The union for flight attendants at United Airlines Holdings Inc. says it wants a global consensus on the safety of Boeing Co.’s 737 Max before its members work again on the grounded plane.
Boeing, which has updated flight-control software linked to two deadly crashes, is working to get the plane cleared to fly by the U.S. Federal Aviation Administration by year-end. But the head of the European Union Aviation Safety Agency is targeting January for a decision.
“We’re not good with that,” said Sara Nelson, international president of the Association of Flight Attendants-CWA. “If we’re not confident it’s safe, we’re not going to work it and the planes don’t fly. We’ve been clear with the FAA, the airlines and with Boeing that we need to see that -- we need to see EASA, Canada, Australia, on board. We need all these assurances because there was a break in public trust here.”
Nelson’s stance presages a potential hurdle in restoring confidence if global regulators don’t move in tandem to lift a grounding that began more than seven months ago. Flight attendants’ unions at Southwest Airlines Co. and American Airlines Group Inc. haven’t taken as hard a line, saying they will wait to make a decision on how to proceed if the FAA approves the Max’s return to flight before other countries.
Even after the grounding is lifted, it could take airlines as long as two months to begin flying the jetliner again. So it’s possible that by the time commercial flights resume in the U.S. following FAA approval, more countries would have certified the Max. That would potentially ease the concerns about a regulatory split.
The FAA lagged behind safety agencies in other countries in grounding the Max after the second crash, which occurred March 10 in Ethiopia. In Congressional hearings last week, lawmakers questioned the close ties between the U.S. regulator and Boeing during the original certification process of the Max.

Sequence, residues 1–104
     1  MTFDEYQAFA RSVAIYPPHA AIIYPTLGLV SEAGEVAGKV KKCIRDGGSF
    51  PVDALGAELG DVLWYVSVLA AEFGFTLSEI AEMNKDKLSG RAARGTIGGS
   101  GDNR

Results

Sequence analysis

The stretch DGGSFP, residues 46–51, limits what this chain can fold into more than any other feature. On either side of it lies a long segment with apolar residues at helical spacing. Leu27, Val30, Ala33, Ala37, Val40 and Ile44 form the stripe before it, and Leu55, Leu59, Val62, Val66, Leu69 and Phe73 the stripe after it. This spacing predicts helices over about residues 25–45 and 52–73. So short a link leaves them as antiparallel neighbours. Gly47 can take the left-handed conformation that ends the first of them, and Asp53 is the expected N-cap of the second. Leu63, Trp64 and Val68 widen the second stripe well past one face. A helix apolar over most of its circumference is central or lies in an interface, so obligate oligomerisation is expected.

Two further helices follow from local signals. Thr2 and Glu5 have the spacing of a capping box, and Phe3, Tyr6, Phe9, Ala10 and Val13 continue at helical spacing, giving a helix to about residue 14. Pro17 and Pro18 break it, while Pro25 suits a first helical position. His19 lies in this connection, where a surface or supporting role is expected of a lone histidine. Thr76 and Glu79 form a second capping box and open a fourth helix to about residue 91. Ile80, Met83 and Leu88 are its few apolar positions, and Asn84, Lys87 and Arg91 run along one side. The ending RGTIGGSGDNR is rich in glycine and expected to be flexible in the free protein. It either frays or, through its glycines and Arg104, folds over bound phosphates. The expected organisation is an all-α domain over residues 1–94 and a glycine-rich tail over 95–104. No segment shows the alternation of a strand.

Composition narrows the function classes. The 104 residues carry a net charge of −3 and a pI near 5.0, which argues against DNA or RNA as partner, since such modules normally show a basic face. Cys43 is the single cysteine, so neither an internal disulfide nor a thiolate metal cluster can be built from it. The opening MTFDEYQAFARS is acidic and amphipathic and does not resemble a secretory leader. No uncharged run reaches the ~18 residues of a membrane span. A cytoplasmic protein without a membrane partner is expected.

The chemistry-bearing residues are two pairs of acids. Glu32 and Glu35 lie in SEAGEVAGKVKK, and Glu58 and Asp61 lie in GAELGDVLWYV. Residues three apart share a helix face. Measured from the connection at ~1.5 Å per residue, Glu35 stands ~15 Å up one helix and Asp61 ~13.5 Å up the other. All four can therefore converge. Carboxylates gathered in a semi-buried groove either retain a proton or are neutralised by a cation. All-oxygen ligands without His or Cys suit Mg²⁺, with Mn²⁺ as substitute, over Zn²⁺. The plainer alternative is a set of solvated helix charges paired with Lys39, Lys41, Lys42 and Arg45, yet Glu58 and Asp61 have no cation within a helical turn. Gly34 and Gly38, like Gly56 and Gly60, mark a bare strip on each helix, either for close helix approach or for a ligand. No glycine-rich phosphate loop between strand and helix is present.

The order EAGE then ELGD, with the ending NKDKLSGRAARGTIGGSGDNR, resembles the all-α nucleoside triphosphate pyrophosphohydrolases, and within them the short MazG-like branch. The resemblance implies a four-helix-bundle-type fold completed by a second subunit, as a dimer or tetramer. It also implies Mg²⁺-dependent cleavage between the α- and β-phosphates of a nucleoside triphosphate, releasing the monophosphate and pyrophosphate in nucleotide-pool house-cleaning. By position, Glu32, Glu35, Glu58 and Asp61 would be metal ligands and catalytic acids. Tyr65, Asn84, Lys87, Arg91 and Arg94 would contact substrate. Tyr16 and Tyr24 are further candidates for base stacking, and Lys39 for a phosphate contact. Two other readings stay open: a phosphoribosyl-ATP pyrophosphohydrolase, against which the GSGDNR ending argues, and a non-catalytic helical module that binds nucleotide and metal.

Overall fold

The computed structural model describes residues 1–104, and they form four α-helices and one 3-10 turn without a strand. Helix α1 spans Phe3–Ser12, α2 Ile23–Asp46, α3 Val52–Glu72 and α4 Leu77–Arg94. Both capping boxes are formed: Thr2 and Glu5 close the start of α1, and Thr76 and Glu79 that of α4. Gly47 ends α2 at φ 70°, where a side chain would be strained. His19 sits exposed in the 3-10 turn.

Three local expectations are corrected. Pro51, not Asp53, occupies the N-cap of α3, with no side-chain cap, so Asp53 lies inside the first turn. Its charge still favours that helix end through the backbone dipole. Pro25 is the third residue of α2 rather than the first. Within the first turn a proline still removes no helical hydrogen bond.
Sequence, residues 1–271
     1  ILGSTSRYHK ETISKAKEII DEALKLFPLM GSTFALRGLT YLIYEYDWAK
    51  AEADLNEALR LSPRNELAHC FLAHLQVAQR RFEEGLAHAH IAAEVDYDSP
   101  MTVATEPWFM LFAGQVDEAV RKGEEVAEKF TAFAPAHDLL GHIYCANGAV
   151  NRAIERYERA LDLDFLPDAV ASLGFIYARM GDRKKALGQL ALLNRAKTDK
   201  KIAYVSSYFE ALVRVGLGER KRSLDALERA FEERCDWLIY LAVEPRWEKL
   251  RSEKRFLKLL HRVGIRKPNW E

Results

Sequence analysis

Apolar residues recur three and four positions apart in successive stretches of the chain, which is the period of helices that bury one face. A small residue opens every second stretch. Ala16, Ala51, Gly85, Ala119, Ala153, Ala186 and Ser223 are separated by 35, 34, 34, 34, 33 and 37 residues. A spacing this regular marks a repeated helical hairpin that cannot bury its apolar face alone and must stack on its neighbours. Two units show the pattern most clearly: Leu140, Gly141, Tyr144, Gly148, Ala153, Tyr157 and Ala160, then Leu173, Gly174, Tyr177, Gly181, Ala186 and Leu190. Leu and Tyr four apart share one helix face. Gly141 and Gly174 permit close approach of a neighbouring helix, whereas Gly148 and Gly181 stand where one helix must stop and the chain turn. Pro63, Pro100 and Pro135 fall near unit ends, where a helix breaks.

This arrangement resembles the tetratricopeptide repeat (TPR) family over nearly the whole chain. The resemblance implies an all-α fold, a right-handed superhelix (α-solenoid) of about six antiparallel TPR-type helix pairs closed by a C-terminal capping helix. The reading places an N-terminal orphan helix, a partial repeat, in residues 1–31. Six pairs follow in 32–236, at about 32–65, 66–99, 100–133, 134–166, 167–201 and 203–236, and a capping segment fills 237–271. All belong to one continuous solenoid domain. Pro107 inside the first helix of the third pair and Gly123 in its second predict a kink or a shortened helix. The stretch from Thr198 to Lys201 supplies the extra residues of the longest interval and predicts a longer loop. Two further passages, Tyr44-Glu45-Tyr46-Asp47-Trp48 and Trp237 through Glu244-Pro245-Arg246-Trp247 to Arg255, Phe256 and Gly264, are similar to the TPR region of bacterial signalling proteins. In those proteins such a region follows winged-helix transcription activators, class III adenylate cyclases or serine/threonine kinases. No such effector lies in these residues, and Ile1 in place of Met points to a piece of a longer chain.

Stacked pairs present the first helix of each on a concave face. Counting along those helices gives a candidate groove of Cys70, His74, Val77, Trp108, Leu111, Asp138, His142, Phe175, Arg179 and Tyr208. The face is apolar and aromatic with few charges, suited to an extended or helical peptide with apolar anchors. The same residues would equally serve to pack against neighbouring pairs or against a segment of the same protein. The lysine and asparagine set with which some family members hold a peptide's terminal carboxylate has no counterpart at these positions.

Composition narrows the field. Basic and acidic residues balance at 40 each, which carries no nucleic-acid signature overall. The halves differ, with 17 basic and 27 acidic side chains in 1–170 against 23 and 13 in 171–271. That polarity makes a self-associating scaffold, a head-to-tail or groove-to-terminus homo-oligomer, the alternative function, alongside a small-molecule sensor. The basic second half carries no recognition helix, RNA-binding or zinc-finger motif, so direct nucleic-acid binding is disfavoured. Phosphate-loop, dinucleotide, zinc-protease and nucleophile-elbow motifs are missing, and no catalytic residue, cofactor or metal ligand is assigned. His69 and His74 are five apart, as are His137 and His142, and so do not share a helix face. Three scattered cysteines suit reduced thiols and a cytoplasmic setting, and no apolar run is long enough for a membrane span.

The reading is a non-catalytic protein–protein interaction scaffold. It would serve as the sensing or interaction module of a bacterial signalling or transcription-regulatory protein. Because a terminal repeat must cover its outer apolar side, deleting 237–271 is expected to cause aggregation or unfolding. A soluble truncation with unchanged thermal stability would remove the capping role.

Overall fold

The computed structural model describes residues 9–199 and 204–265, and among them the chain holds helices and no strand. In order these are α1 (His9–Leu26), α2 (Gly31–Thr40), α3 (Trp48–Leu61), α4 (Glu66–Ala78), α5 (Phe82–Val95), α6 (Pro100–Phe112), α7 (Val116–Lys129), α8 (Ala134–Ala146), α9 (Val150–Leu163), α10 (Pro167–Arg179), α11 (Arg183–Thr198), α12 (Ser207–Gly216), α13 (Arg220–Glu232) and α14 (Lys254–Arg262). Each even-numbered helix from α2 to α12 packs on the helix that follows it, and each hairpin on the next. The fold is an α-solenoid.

Nelson said she expected the FAA to re-certify the plane after gaining support from other regulators.
“If we have that, I believe we will have enough to assure the public that it’s safe to fly,” she said. Her union represents 50,000 flight attendants at Alaska Air Group Inc. and other carriers as well as at United.
Transport Workers Union Local 556 at Southwest and the Association of Professional Flight Attendants at American both said they would evaluate the objections of other regulators and the reasons behind them before deciding whether to staff the Max if the FAA is alone in giving approval.
“We’ll have to weigh that consideration very carefully,” said Chad Kleibscheidel, first vice president of Local 556. “But at some point we do have to rely on or have faith in the system. Whether that includes the European and Chinese counterparts, we’ll have to cross that when we get there.”
The three unions have met with Boeing and, in some cases, the FAA or other government officials, to discuss the Max accidents and the aircraft’s return. They’ve also worked within their airlines and with pilots’ unions on internal planning.
“The passengers look to us for a lot,” said Lori Bassani, president of the APFA. “Anytime when there’s even turbulence, they turn around and look at us. Passengers will take their cues from the flight attendants.”